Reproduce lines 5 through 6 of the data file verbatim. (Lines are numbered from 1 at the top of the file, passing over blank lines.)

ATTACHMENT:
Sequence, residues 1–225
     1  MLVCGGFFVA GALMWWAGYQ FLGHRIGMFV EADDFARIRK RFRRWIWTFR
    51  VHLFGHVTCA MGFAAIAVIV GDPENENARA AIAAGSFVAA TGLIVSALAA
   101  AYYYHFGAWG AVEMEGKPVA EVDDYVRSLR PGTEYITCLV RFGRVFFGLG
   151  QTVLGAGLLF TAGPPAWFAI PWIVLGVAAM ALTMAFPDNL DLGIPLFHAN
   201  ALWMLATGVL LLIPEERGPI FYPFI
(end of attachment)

   151  QTVLGAGLLF TAGPPAWFAI PWIVLGVAAM ALTMAFPDNL DLGIPLFHAN
   201  ALWMLATGVL LLIPEERGPI FYPFI